Paula McAvoy
Paula McAvoy is a professor in the College of Education at North Carolina State University. Her co-authored book, The Political Classroom: Evidence and Ethics in
Democratic Education, won the 2016 Outstanding Book of the Year from AERA and the 2017 Grawemeyer Award for Education. She leads professional development workshops that help teachers learn how to engage students in political discussions. She was also the lead developer of The Discussion Project at UW-Madison.

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There is a well-worn axiom that simply to measure something is to change it. Much of society is currently measuring what is seen as a more polarized society and made assumptions that our language has become more coarse, our political ideas more fixed and that there is blame to be assigned. We ponder and regret what we see as the advent of “fake news” when all we may be witnessing is the rebranding of the half-truth.

It is tempting, then, as an educator to simply opt-out, fearing backlash. Paula McAvoy, assistant professor of social studies education at North Carolina State University, argues that it is more important than ever to opt-in.

As the nation gears up for another presidential election cycle, school teachers may be wringing their hands. Political polarization, fake news, interference in our elections by foreign nations and a divisive president has turned what ought to be a lively public debate about the nation’s pressing problems into a partisan battle.

For the teacher wishing to teach students about elections — including the policies being discussed in the public sphere — it may feel like stepping into a minefield. When mentioning immigration policies, for example, should a teacher use the term “undocumented worker” or “illegal immigrant?” How will students react? What about parents? These are the sorts of judgments that vex teachers and administrators, causing some to conclude that political topics should be avoided altogether.

In our co-authored book, “The Political Classroom: Evidence and Ethics in Democratic Education,” Diana Hess and I argue that classrooms ought to be “political.” By this we mean, classrooms should be places in which students are engaged in discussions about questions that ask, “How should we live together?” This is the fundamental question of a democratic society.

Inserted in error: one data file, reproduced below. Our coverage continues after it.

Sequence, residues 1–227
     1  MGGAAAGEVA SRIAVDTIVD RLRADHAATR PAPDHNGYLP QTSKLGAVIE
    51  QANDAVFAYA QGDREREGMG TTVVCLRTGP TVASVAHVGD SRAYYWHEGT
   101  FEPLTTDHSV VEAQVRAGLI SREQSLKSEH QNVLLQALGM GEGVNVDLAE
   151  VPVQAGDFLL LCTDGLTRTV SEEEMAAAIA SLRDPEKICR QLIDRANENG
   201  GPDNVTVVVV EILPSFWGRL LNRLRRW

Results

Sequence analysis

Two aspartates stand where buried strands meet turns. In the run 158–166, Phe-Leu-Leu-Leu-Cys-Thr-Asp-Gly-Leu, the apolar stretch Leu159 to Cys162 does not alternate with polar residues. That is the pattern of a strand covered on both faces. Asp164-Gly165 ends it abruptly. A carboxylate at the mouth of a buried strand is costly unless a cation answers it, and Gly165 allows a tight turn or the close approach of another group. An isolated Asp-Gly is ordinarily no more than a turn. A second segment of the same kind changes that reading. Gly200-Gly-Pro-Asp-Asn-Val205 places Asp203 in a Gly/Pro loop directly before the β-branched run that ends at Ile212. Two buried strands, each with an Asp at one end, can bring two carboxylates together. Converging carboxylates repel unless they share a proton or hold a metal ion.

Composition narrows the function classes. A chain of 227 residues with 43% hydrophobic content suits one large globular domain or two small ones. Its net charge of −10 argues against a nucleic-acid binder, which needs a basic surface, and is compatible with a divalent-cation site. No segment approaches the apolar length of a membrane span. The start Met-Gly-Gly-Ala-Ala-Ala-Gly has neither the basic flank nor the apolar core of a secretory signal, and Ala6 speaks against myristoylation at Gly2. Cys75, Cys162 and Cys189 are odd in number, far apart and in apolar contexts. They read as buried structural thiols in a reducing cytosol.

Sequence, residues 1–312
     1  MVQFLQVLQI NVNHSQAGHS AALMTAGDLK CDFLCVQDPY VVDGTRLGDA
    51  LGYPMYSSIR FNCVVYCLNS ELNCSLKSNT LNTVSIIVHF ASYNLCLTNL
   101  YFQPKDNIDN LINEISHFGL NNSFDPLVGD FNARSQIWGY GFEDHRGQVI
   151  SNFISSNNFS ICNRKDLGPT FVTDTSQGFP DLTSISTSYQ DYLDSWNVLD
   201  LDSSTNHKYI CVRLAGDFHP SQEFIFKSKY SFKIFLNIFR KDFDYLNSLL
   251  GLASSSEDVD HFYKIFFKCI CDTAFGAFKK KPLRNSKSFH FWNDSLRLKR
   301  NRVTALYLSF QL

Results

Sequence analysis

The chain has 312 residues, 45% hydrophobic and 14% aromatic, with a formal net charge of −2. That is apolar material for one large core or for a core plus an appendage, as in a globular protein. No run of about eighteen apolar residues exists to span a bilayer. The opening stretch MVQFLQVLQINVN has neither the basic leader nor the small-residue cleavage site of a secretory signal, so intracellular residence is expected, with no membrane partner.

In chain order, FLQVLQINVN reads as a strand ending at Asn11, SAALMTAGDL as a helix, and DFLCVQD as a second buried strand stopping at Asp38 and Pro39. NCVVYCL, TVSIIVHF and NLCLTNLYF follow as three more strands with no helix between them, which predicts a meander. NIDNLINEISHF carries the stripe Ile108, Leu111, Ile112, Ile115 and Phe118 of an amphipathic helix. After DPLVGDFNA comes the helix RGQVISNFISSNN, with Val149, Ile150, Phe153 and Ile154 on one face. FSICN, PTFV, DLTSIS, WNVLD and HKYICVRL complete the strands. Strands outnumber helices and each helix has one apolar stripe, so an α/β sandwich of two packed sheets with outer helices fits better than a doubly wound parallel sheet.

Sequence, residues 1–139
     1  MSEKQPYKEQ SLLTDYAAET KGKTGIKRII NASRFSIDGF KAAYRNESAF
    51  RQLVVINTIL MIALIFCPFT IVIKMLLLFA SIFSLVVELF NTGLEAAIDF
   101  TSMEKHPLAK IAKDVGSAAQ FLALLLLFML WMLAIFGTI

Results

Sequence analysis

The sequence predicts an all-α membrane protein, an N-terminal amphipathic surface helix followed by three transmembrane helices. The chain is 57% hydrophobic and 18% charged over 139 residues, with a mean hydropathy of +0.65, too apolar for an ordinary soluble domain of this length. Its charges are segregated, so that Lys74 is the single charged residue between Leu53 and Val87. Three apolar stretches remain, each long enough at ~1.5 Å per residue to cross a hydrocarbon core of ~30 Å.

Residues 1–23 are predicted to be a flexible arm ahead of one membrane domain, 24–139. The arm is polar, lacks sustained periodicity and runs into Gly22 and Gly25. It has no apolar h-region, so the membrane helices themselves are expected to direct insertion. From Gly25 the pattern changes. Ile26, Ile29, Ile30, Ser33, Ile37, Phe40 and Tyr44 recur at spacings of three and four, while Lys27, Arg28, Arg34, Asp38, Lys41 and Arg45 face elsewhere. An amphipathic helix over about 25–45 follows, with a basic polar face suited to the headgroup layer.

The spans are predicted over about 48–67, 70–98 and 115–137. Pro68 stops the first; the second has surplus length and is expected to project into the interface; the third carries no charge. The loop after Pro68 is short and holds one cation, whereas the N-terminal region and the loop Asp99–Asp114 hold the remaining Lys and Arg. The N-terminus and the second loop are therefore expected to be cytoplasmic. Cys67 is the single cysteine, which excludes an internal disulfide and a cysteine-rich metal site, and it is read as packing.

Questions about how to live together include: “Who should be the next president?” and “How should the United States treat people seeking asylum?” These are appropriate topics for the classroom because schools are institutions that ought to prepare young people for democratic life.

The important question for our polarized era is not whether teachers should teach about controversial political issues, but how to do so in a way that is fair and promotes democratic ideals. I offer three suggestions for teachers and administrators about how to do this well.

#BelieveInEducation

“I believe that education ought to help young people answer the question, ‘How should we live together?’”

– Paula McAvoy, assistant professor of social studies education, North Carolina State University

Being unconditionally supportive of students does not mean that teachers never correct students. Instead, it means that the teacher is ready to use moments of conflict as opportunities to help students grow in their understanding of the issue and each other. Invite more discussion, not less. In this way, the teacher communicates, “As long as you are my students, I am unconditionally here to help you learn.”

The key ingredient to all three suggestions, and accomplishing successful classroom discussions of controversial issues, boils down to trust. Democracies do not work well without public trust. Discussions do not work well when there is no trust in the classroom. This relational aspect of teaching is often overlooked.

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Classroom talk strives for a much more disciplined version of democratic engagement. In the classroom, students become a mini-public, seeking the best answers to pressing issues. To that end, students must listen to one another, evaluate evidence and claims, give reasons, ask questions, and respectfully disagree.

I think these rules of engagement for policy discussion in the classroom is essential. Hopefully, if students learn how to engage in civic dialogue in class, they will be able to take these skills into their future discussions with coworkers, families, and friends as adults. It is imperative that the country start to move away from attacking individuals for their differing opinions, and work on trying to have meaningful conversations with others that they may disagree with.

Discussions should be designed with intention, so that educational goals are met, learning is deepened and students improve their discussion skills.